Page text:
Win-win at last for AFFCO and workers – Allan Barber:
It was a hell of a long time coming, but the return to work for AFFCO’s workforce, or at least the half who were on strike or locked out, has finally arrived.
95% of the union members ratified the settlement by Monday last week which is a substantial majority, although it makes me wonder why the other 5% still wanted to hold out. Both sides are heralding a good outcome which I suppose is what you would say after a three month dispute has been settled. . .
Cow behaviour expert, Darold Klindworth, says farmers need to identify the signs of cow stress to improve the milking experience for their animals and staff.
He says by making a few changes to the milking process, farmers can make a real impact on a farm’s bottom line.
“When a cow is stressed, it can lead to lower milk yields, increased milking time and higher animal health costs. Plus, if your cows are stressed and acting out, that often creates stress for staff as well,” says Mr Klindworth. . .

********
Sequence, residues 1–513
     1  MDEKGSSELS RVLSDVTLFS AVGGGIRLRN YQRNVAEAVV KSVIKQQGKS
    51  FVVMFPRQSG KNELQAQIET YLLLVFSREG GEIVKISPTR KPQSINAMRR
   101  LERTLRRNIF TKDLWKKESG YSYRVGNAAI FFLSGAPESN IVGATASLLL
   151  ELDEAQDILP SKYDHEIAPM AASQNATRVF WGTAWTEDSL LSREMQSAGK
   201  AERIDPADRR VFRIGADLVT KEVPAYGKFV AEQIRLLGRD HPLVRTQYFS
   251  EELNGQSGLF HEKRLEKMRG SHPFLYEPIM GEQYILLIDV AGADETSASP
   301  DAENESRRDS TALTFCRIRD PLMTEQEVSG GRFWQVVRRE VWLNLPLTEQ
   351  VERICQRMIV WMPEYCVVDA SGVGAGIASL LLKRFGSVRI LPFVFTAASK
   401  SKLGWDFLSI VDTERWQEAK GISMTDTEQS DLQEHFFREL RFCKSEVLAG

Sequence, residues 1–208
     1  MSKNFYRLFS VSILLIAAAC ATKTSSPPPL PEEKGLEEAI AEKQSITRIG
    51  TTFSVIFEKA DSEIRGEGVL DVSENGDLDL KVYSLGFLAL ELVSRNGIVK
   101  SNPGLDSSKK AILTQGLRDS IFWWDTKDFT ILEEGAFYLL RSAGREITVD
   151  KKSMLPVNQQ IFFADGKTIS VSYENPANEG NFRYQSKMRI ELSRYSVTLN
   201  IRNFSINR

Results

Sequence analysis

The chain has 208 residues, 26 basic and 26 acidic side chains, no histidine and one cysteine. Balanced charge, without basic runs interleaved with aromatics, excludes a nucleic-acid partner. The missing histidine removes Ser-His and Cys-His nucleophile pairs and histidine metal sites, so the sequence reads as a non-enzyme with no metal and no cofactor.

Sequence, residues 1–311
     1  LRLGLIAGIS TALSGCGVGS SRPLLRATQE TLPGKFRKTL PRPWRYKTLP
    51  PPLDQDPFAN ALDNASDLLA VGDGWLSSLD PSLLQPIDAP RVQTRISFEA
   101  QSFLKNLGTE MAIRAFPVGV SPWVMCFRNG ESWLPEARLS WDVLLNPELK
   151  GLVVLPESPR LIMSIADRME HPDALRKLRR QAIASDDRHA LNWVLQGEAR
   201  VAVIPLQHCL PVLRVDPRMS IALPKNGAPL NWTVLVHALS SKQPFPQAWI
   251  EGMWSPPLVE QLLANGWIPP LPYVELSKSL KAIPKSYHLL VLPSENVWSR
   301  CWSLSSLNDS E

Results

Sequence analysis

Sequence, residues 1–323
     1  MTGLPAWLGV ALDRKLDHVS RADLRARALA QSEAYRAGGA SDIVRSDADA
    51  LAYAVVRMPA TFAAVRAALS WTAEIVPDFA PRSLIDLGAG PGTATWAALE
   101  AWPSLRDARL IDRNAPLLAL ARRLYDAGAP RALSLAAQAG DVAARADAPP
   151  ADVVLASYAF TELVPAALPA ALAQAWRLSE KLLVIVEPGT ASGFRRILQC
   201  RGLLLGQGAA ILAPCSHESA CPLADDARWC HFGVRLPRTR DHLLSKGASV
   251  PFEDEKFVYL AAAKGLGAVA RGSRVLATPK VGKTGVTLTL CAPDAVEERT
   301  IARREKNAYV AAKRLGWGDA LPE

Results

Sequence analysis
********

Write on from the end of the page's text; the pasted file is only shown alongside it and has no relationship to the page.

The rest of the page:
Around him the huge Mystery Creek site is seething with preparations for the 44th agricultural extravaganza’s opening on Wednesday but, far from looking overwhelmed by the responsibility of presenting his first Fieldays, the man is grinning like a kid at Christmas. . .
Lifestylers aid innovation – Tim Cronshaw:
The perception that lifestyle blocks are eating up productive land is not always true, say tree crop growers.
Growers believe the top land with the best soils should be protected for productive soil-based activities, but point to good incomes being made from lifestyle blocks and small landholdings.
New Zealand Tree Crops Association president Murray Redpath said most of the association’s 1500 members were small-block owners trying to make productive use of their land. .